After studying the issue and conducting public hearings, the Subcommittee unanimously recommended that the "Coast Guard should take no regulatory action to require propeller guards." Report of the Propeller Guard Subcommittee, at 24. The Subcommittee made this recommendation after finding that propeller guards could create other safety concerns, including: (1) adversely affecting boat operations at speeds greater than 10 miles per hour; (2) increasing the chance of blunt force contact to a person in the water; and (3) creating a new hazard in that an arm or leg could be caught between the guard and the propeller blades. Report of the Propeller Guard Subcommittee, at 19-21.
The Subcommittee's report was presented to the Advisory Council, which accepted and adopted the recommendations. Minutes of the 44th Meeting of the National Boating Safety Advisory Council 19 (November 6-7, 1989). The report and recommendations were then sent to the Coast Guard, which adopted the Advisory Council's recommendations, including its recommendation that no regulatory action should be taken to require propeller guards because "[a]vailable propeller guard accident data [does] not support imposition of a regulation requiring propeller guards on motorboats." Letter from Robert T. Nelson, Rear Admiral, U.S. Coast Guard, Chief, Office of Navigation Safety and Waterway Services, to A. Newell Garden, Chairman, National Boating Safety Advisory Council (February 1, 1990).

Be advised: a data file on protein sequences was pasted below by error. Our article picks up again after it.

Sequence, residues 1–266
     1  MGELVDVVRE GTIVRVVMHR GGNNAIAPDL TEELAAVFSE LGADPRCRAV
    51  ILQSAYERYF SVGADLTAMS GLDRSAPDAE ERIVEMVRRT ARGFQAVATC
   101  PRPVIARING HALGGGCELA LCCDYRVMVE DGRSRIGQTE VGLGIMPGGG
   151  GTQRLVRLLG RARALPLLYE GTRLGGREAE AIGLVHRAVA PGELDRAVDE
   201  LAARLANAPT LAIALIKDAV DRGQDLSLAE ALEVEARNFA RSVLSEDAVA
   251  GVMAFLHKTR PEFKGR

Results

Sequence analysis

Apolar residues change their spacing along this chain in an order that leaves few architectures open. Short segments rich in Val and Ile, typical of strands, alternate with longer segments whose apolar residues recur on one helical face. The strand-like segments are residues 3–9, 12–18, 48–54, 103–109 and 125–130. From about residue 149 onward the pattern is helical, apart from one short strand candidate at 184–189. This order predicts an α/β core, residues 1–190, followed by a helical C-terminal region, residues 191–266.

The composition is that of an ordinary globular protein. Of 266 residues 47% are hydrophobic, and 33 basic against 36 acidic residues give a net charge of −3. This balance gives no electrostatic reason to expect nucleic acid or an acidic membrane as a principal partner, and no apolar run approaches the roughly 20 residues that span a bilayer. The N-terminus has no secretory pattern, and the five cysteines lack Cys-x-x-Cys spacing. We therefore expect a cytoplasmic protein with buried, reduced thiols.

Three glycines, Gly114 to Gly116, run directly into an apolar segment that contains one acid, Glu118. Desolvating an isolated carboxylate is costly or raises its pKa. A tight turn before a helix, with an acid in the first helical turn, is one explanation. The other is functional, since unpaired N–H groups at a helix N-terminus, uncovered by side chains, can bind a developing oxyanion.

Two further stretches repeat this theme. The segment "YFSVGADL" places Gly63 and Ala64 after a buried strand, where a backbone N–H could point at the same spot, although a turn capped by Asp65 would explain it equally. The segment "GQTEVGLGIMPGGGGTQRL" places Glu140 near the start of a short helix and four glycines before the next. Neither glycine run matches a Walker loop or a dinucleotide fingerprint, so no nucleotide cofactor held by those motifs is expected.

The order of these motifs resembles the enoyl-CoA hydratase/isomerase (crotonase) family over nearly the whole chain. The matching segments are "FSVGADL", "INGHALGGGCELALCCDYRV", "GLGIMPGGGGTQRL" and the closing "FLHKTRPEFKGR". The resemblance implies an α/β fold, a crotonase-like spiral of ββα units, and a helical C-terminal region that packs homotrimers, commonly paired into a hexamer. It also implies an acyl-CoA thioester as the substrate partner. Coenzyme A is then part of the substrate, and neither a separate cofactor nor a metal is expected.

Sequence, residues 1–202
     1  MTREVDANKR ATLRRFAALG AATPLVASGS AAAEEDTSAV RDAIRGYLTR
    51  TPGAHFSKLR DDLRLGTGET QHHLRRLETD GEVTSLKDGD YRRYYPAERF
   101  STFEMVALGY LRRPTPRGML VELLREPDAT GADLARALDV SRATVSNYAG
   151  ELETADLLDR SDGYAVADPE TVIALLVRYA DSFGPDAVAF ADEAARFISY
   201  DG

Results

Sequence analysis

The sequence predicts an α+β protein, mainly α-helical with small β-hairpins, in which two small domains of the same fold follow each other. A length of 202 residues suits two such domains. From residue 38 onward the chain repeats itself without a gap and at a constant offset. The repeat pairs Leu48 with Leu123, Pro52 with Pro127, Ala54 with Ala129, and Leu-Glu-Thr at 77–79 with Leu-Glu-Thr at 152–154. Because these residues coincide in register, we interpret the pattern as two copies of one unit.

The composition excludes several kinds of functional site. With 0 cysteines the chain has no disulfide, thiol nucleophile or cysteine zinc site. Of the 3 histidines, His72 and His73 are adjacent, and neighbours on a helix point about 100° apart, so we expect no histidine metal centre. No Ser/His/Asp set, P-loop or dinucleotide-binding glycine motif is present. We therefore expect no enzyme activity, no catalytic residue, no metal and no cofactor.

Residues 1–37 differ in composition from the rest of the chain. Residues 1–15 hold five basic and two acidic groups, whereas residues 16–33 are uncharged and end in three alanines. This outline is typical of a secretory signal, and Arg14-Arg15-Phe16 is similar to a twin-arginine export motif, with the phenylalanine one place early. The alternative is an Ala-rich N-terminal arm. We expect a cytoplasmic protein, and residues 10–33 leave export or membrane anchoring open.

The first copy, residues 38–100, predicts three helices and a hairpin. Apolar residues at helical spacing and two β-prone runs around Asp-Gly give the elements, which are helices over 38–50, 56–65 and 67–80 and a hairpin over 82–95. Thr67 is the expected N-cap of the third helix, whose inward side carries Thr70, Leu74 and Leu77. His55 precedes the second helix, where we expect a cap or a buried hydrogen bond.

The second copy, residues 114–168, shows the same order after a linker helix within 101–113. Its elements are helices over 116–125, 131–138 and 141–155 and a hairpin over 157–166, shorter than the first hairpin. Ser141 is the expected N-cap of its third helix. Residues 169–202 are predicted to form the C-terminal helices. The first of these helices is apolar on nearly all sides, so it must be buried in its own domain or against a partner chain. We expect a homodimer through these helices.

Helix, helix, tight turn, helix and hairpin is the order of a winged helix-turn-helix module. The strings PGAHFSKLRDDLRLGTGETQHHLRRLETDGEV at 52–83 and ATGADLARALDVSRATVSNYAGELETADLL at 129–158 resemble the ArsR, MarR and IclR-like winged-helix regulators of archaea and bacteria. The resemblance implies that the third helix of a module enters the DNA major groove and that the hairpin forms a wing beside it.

Pursuant to the supremacy clause of article VI of the United States Constitution, the laws of the United States "shall be the supreme Law of the Land *** any thing in the Constitution or Laws of any State to the Contrary notwithstanding." U.S. Const., art. VI, cl. 2. Thus, state law is without effect if it conflicts with federal law. Cipollone v. Liggett Group, Inc., 505 U.S. 504, 516, 120 L. Ed. 2d 407, 422, 112 S. Ct. 2608, 2617 (1992). Consideration of issues arising under the supremacy clause begins with the assumption that the historic state police powers are not to be superseded by federal law unless that is the clear and manifest purpose of Congress. Cipollone, 505 U.S. at 516, 120 L. Ed. 2d at 422, 112 S. Ct. at 2617. Thus, the ultimate question in any preemption analysis is to determine the intent of Congress. Cipollone, 505 U.S. at 516, 120 L. Ed. 2d at 422, 112 S. Ct. at 2617.